A retrospective study that found a link between pretreatment vitamin D levels and the clinical and endoscopic outcomes in patients with inflammatory bowel disease (IBD) treated with vedolizumab.
Key findings from the study include:
Vitamin D and Ulcerative Colitis (UC): In patients with UC, higher pretreatment vitamin D levels were associated with significant endoscopic improvement. Patients with vitamin D levels ≥ 30 ng/mL at the initiation of vedolizumab therapy showed a notable decrease in UC Endoscopic Index of Severity (UCEIS) scores after 6 months compared to those with lower vitamin D levels.
Vitamin D and Crohn Disease (CD): In patients with CD, those with higher vitamin D levels at the start of vedolizumab therapy had greater iron saturation and vitamin B12 levels compared to those with lower vitamin D levels. Post-treatment, patients with higher pretreatment vitamin D levels also had significantly greater vedolizumab levels.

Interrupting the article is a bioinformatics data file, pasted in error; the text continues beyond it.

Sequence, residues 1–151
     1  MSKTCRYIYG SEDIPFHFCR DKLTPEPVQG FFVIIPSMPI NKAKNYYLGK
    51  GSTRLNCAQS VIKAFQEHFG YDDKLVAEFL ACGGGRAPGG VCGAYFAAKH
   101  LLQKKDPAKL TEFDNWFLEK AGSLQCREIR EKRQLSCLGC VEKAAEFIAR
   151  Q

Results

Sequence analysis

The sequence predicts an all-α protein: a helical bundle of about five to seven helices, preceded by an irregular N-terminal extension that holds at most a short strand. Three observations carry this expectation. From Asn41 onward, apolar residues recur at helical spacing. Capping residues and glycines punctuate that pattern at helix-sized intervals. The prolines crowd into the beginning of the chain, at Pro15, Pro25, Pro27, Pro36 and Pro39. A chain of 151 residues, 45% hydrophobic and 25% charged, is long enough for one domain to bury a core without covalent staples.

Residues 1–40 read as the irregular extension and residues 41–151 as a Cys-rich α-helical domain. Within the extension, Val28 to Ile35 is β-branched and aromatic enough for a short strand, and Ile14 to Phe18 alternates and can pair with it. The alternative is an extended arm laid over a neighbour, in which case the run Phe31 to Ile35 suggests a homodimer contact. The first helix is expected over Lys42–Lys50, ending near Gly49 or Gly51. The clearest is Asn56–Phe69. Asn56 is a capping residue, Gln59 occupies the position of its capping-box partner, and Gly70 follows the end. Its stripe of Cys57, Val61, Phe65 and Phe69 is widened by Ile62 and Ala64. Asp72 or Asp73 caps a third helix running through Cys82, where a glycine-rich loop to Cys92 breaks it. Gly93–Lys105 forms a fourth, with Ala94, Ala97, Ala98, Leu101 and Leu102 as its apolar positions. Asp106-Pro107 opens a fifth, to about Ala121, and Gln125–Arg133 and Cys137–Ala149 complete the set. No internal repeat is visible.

Improvements in Vitamin D Levels: Both UC and CD patient groups showed significant improvements in vitamin D levels after starting vedolizumab treatment. In the UC group, vitamin D levels increased more significantly in patients with higher pretreatment levels.
Impact on Other Parameters: The study observed statistically significant decreases in various clinical scores and inflammatory markers in both UC and CD groups after treatment. However, changes in vitamin D levels did not correlate with most of these parameters, except for a significant decrease in C-reactive protein (CRP) among CD patients with baseline CRP > 5 mg/dL who had greater improvements in vitamin D.
Study Implications: The findings suggest that vitamin D can play a role in clinical and endoscopic outcomes for IBD patients treated with vedolizumab. The study recommends routine assessment and optimization of vitamin D levels in IBD patients in future prospective studies.